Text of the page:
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A safer way to apply a new iptables ruleset

You probably now the feeling, that cold and hot rush of adrenaline after you've typed iptables-restore < new-ruleset and didn't get to see the shell prompt again: you've just locked yourself out of a machine that's potentially far away, and you feel like vanadlism, or screaming on the top of your lungs, or whatever.

In my series "scripts to the rescue" (uh, which doesn't exist as a series actually), here's a new one: iptables-apply (and docbook manpage), which will make things easier for you.

It applies the new ruleset and then prompts whether you like it. If you've locked yourself out, you cannot answer the prompt, and if you don't, the script rolls back the ruleset. Nice and simple. And surely beats my previous approach, which was:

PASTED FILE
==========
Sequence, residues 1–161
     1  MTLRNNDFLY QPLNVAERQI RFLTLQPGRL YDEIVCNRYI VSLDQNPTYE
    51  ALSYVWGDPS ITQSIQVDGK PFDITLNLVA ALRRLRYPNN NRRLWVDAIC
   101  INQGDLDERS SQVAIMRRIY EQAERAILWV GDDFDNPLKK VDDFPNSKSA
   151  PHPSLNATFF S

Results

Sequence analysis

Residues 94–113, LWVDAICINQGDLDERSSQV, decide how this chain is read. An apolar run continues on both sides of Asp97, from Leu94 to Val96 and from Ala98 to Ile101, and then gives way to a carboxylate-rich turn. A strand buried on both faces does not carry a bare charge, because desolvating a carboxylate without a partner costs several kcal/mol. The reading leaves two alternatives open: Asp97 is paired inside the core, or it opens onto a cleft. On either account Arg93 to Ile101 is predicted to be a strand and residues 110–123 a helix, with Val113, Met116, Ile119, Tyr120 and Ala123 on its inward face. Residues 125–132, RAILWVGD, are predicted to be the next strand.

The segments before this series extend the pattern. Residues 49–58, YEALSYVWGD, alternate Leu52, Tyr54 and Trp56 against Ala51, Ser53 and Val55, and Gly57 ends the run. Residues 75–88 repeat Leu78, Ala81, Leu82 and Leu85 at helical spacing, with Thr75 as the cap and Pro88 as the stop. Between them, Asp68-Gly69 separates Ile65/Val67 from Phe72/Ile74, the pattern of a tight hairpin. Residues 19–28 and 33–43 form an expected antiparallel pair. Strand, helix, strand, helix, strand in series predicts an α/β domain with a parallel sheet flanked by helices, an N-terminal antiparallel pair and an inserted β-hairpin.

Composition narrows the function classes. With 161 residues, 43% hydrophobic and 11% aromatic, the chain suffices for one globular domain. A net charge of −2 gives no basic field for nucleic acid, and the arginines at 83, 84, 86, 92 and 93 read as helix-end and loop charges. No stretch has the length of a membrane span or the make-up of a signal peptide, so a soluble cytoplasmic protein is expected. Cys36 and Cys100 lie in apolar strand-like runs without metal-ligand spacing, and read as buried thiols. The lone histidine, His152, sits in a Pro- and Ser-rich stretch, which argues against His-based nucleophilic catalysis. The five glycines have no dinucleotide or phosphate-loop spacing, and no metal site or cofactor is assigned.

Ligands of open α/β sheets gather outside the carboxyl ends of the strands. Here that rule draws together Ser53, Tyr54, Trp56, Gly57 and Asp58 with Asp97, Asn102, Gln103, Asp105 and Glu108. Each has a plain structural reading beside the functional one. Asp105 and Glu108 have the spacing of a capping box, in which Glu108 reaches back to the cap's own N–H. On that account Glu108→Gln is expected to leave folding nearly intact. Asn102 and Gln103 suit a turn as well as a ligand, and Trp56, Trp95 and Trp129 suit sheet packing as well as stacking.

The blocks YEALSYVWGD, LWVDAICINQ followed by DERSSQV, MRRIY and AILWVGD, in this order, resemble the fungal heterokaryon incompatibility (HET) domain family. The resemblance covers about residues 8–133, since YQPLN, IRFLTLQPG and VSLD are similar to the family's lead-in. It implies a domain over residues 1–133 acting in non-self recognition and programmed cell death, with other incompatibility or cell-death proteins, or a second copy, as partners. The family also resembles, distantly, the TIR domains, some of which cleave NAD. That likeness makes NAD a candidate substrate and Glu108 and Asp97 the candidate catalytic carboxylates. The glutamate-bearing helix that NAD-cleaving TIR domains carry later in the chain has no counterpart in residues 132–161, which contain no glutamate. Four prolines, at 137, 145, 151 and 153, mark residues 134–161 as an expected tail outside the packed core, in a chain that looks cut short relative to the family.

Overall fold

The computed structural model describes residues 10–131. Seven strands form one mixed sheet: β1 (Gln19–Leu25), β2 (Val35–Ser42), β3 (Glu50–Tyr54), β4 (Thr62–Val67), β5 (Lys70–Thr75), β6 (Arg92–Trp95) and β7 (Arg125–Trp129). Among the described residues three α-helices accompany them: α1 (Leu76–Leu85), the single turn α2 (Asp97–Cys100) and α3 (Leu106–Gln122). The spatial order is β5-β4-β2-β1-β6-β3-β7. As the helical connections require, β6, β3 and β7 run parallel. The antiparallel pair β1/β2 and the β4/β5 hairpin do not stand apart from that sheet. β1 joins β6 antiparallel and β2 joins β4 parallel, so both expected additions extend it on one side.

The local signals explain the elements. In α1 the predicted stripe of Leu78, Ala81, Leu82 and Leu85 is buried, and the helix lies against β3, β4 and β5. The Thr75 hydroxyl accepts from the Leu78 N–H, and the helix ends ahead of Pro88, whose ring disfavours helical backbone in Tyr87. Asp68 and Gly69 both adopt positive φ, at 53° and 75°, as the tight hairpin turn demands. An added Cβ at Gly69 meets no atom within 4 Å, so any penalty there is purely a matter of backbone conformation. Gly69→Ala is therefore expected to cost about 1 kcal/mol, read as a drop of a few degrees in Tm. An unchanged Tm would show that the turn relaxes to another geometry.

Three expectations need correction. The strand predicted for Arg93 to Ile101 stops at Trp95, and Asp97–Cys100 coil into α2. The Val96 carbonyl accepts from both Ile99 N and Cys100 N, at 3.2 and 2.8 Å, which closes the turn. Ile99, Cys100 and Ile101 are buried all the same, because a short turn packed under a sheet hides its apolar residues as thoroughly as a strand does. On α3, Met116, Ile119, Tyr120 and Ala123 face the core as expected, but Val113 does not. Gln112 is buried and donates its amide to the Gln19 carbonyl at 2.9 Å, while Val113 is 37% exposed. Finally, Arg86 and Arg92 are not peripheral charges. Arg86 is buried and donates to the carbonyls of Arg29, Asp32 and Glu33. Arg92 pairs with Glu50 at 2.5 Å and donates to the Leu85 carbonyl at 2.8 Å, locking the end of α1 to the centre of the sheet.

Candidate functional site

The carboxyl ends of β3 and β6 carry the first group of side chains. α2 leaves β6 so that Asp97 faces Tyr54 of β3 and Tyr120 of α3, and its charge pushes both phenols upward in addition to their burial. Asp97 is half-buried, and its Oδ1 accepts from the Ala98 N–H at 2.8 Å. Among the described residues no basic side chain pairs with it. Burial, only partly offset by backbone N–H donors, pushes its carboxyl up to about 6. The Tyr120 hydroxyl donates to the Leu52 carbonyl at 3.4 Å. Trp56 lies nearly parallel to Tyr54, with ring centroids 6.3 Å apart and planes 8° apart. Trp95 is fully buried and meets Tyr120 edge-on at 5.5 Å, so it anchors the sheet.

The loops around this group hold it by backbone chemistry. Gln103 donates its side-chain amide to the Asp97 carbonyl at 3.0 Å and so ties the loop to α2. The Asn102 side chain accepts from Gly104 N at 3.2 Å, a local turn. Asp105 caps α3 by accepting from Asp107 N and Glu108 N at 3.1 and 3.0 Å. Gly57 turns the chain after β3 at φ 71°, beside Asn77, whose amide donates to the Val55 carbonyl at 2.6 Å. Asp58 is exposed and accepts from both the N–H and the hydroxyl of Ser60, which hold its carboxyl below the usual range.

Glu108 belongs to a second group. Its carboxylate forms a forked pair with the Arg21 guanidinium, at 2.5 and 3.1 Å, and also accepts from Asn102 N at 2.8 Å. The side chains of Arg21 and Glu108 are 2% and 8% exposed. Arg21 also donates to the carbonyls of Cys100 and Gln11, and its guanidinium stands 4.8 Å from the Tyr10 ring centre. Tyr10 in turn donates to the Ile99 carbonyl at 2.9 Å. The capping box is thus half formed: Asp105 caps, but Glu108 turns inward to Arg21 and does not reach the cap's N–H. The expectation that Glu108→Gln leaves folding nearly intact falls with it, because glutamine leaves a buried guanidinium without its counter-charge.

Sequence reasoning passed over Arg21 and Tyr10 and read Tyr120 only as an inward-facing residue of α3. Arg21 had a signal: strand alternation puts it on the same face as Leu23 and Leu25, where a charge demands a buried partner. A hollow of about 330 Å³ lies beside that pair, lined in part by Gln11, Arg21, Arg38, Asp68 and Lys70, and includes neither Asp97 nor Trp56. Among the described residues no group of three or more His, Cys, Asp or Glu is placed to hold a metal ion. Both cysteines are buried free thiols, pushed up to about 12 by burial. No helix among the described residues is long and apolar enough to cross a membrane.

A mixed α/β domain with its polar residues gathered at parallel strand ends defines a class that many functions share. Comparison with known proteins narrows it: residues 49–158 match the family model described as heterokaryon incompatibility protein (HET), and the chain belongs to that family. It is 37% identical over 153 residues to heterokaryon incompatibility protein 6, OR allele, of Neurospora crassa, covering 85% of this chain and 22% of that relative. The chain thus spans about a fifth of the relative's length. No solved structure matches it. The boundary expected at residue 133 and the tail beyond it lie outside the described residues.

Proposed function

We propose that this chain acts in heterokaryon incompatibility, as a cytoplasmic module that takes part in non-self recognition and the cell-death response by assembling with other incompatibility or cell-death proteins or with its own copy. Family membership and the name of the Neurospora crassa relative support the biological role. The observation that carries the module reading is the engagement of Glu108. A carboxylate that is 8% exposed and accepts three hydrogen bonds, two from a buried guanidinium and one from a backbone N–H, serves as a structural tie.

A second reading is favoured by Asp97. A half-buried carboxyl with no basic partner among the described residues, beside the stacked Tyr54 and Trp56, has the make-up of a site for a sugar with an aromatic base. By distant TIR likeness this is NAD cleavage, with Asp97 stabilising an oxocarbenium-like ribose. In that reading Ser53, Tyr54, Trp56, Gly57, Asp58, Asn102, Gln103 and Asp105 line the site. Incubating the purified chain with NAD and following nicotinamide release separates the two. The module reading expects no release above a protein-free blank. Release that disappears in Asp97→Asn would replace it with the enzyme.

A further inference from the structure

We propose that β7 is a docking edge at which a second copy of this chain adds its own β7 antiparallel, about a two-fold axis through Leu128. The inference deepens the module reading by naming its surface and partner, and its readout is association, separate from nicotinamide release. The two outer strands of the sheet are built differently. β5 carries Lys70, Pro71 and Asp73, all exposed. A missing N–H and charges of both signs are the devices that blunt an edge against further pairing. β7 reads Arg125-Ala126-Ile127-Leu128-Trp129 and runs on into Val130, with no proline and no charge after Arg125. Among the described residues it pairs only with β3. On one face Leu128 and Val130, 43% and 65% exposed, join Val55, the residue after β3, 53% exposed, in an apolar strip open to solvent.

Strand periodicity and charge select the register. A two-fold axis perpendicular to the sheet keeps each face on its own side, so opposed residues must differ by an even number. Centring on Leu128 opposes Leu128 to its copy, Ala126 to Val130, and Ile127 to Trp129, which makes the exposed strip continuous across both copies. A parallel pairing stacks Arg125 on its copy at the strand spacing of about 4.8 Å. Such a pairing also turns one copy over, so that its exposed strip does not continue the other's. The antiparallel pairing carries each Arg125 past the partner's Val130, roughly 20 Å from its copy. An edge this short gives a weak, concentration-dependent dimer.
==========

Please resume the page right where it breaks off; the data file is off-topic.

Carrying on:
echo 'iptables-restore < /etc/network/iptables' | at now + 2 min
iptables-restore < /etc/network/iptables.new
[...]
atrm ...
mv /etc/network/iptables{.new,}

Now I hope the iptables maintainer feels inclined to put the script in with the package (see #370292).